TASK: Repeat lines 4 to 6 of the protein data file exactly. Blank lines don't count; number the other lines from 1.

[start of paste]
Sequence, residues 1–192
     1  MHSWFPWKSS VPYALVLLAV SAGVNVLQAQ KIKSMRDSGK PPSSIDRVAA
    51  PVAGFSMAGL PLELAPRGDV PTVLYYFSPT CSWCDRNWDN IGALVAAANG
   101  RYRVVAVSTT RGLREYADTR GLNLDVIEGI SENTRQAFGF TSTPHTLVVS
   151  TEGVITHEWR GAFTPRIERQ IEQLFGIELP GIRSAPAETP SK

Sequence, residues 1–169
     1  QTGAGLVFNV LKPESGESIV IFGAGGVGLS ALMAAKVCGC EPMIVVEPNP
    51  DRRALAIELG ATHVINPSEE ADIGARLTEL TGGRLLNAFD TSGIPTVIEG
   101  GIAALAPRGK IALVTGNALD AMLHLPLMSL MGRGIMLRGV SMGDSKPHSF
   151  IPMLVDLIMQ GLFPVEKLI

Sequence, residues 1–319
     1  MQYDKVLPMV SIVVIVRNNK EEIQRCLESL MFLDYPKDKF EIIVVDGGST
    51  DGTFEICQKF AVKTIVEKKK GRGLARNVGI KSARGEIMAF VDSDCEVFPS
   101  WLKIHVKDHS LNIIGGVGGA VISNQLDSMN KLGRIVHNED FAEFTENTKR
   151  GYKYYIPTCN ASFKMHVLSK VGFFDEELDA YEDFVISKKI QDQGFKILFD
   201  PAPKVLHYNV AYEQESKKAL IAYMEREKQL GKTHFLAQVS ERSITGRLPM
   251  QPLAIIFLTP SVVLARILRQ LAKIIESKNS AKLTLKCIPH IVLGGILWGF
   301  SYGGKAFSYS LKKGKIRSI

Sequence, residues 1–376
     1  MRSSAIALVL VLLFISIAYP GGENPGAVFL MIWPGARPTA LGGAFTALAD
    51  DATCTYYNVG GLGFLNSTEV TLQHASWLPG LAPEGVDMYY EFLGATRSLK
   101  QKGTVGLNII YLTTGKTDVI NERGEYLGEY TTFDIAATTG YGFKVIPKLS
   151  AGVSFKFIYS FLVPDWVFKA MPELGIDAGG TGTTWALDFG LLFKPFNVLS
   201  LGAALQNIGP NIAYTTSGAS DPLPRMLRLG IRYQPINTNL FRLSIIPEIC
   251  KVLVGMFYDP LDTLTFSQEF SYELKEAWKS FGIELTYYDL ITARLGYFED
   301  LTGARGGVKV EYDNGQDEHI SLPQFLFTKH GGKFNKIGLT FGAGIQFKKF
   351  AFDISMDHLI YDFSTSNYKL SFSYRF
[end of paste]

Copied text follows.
   101  RYRVVAVSTT RGLREYADTR GLNLDVIEGI SENTRQAFGF TSTPHTLVVS
   151  TEGVITHEWR GAFTPRIERQ IEQLFGIELP GIRSAPAETP SK

Sequence, residues 1–169